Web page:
When Jesus comes as King, He will judge the nations (Matthew 25:31-46). He said the basis for that judgment will be how people treated Him when He was hungry, thirsty, a stranger, naked, sick, or imprisoned. Those being judged will ask when they saw Him in these situations, and Jesus will say, “Inasmuch as you did it to one of the least of these My brethren, you did it to Me” (v. 40).
Perhaps you’ll be tested today by a visitor in disguise. Just treat everyone like he/she were Jesus.
My Dad was very musical, and was an excellent guitarist. But most people didn’t know he could also play the mandolin, ukelele, harmonica, and even fiddled a little with a violin. I did not inherit his musical talent. I fumbled through flutophone in elementary school and strummed some on a guitar in my 20s. I was never very good.
What do you think is the most difficult instrument to play? Someone once asked a famous conductor of a great symphony orchestra which instrument he considered the most difficult to play. He thought for a moment, then said, “Second fiddle. I can get plenty of violinists, but to find one who can play second fiddle with enthusiasm – that’s the problem.”
If you can be faithful in the number two position, then perhaps you can one day sit in First Chair, the lead position. But if you can’t be faithful in that which is your neighbor’s, who will give you that which is your own? Jesus said, “You have been faithful over a few things…enter into the joy of the Lord” (Matthew 25:21).
President Eisenhower was loved by people. He had established a reputation of caring when he led the successful Normandy Invasion that opened the door to an allied victory in Europe. During his administration as President, he made an impulsive human gesture when he decided to visit a little boy who was ill with a fatal disease. Someone had informed the President that the child wanted to see “Ike” more than anything else in the world. Without warning, the presidential limousine drove up to the house, accompanied by several reporters, and the President knocked on the door.
The surprised father opened it. The boy was jubilant! But his father was horrified! There he stood…dressed in an undershirt! He remembered the wonderful occasion only with regret. He said, “If only I had been ready!”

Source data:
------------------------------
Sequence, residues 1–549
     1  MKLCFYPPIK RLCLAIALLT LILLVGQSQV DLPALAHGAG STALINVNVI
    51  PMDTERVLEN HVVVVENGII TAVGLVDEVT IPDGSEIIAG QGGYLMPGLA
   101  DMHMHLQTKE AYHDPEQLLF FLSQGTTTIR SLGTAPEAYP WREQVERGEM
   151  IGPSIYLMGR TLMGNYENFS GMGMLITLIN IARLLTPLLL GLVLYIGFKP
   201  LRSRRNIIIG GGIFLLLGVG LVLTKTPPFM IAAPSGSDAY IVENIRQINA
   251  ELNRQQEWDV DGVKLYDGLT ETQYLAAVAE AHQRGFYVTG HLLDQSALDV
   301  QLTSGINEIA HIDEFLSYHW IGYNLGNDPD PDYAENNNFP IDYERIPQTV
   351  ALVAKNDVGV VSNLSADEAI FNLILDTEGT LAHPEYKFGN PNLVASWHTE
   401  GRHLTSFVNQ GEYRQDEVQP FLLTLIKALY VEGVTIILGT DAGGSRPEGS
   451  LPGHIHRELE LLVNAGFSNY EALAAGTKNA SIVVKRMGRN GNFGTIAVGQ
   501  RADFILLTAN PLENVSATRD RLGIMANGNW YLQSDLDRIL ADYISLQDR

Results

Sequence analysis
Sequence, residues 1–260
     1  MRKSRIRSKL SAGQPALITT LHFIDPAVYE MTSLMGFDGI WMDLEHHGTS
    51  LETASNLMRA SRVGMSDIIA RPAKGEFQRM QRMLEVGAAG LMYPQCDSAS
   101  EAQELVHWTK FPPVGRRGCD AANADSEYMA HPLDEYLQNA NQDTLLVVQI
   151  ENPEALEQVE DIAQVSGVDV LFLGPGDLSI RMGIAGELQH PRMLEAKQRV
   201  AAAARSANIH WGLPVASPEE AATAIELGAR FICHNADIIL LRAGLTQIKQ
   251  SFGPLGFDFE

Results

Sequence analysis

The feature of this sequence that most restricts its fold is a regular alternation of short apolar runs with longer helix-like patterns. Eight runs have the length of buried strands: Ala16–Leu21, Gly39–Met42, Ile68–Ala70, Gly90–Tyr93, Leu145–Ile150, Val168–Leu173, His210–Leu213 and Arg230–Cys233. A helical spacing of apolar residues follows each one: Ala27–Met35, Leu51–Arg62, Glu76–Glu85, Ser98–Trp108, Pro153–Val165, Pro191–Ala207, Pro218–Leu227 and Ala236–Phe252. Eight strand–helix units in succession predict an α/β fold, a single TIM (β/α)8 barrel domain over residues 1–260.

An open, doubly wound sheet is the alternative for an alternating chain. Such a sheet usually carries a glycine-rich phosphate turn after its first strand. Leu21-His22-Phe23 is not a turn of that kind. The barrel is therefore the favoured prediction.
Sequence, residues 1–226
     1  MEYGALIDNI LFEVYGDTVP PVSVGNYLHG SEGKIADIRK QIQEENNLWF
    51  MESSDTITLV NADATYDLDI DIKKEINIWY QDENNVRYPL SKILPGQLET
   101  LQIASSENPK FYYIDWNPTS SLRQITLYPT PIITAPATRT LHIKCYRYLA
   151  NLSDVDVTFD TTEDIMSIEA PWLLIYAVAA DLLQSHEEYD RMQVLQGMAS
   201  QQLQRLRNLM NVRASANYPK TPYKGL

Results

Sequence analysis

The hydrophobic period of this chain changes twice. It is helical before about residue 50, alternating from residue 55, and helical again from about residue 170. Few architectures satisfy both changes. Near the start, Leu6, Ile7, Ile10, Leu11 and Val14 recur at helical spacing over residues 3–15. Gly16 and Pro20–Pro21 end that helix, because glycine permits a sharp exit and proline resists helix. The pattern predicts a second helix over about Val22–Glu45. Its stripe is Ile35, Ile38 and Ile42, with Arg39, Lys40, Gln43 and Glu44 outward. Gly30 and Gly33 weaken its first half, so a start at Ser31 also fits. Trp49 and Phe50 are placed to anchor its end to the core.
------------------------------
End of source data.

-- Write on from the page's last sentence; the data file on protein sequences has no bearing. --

How many Bible verses are there that predict the Second Coming of Jesus Christ. And yet people are not ready. The Bible emphatically teaches it, yet it does not tell us when! His coming will be unannounced and unexpected. So we must stay ready.
“Watch therefore: for you know not what hour your Lord comes” (Matthew 24:42).
Years ago, Anita and I lived in an old farmhouse just out of Waterloo. We lived back a lane that drifted badly every winter. On one such blizzardy day I called a guy to plow our drive out. He got his truck stuck in the deep snow. It was bitter cold and the snow and wind were incessant. The driver walked up to the house, which was locked. So he broke in through the back door to call for help (no cell phones back then).
By the time I got home at the end of the day, my drive was nicely cleaned out but my back door had serious damage to the door frame. It was several days before we could lock the back door again, not to mention money out of my pocket. But, I can’t blame the guy who was locked out.
How desperate he must have been. How desperate people will one day be when Jesus finally appears and the door gets locked. There will be no breaking in. The lost world has a fair chance to get in while its still day. When He returns the door will be closed and locked. Today is the day of salvation.
“Those who were ready went in with him to the wedding; and the door was shut” (Matthew 25:10).